On a synth with patch memory and front panel controls, when a patch is recalled, the panel knobs, sliders, and switches do not indicate the current patch settings (unless the synth has motortized controls, which very few do). Most such synths are arranged so that moving a control causes the parameter value in the current patch to immediately change to the indicated value, and thereafter track the control, until another patch is selected from memory. However, when building a new patch, the performer often wishes to have all of the parameters tracking the panel controls, either because it is confusing not to, or because the controls are already mostly set up to the desired values. Therefore, the synth provides a button usually labeled "manual" which immediately transfers the current panel control settings to the current patch. On some synths, when manual is selected, the current patch name/number display is also erased, as a way of indicating that the current patch parameters no longer have any relation to the last recalled patch.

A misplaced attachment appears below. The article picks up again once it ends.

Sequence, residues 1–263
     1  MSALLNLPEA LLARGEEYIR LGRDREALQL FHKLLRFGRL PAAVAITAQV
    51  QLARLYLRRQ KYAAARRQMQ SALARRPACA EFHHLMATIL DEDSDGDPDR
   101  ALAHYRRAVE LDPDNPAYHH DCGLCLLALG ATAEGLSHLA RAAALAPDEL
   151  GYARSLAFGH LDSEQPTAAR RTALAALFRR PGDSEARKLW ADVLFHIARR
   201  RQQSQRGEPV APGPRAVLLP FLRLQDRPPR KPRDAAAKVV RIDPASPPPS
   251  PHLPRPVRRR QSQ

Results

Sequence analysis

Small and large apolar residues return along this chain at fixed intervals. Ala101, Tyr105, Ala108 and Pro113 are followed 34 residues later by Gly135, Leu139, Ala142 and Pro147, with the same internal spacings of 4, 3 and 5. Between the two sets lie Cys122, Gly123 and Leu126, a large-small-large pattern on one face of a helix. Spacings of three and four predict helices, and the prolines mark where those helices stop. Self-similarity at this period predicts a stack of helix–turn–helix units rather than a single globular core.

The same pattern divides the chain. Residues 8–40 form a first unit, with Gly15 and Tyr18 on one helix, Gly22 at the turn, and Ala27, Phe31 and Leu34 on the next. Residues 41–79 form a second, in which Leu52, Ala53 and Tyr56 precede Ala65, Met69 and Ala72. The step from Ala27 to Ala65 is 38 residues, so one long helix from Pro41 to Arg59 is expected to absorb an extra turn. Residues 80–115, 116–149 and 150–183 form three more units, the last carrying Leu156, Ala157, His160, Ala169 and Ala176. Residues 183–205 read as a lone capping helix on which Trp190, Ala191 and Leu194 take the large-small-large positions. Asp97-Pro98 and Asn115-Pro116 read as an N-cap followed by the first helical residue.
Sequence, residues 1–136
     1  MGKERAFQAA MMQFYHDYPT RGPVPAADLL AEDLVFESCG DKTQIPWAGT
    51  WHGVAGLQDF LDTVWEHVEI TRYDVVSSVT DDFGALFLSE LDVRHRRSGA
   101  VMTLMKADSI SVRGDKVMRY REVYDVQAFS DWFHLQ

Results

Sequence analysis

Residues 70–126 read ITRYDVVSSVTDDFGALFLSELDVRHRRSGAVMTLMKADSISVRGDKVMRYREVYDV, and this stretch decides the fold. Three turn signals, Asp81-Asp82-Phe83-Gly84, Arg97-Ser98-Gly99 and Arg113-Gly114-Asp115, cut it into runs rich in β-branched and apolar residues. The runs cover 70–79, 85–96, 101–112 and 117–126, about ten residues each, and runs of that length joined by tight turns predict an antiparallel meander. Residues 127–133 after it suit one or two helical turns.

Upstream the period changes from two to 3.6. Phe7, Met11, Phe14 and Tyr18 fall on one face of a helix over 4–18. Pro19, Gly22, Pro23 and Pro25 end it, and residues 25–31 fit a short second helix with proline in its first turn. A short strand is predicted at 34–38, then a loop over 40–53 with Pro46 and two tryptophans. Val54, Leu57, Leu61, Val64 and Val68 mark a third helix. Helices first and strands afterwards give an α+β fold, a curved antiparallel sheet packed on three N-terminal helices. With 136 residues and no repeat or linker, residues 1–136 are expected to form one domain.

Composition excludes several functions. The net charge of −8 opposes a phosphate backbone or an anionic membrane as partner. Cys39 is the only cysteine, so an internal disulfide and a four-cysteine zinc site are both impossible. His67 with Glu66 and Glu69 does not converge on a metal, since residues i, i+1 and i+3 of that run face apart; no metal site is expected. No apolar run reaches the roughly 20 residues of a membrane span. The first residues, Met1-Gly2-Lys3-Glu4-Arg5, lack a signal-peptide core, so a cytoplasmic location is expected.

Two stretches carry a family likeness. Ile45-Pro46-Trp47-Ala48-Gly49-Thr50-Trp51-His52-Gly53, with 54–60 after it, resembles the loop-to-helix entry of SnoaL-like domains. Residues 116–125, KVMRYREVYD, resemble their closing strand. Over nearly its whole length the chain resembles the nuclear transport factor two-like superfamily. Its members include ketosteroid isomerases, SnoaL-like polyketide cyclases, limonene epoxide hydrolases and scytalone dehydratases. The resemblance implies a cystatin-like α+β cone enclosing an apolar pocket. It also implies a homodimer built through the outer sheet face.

In the terminology used by organists, a "manual" is a single row of keys on a keyboard. (Organists consider both keys played by the hands, and pedals played by the feet, to be "keyboards"; a "manual" is specifically a keyboard played by the hands. This derives from the Latin and Romance languages which use some variant of "main" to mean "hand".) Most Hammond organs have two manuals, each of which plays a different patch, and pipe organ consoles often have three or more manuals with various complicated interconnections. Few synthesizers have been made with two or more manuals. Sequential Circuits made the Prophet-10 synth with two manuals, each capable of playing a different patch, and with various schemes for voice allocation between the two manuals. In the late '70s and early '80s, Yamaha offered several large console organ/synth combo units, such as the GX-1, with two or three manuals.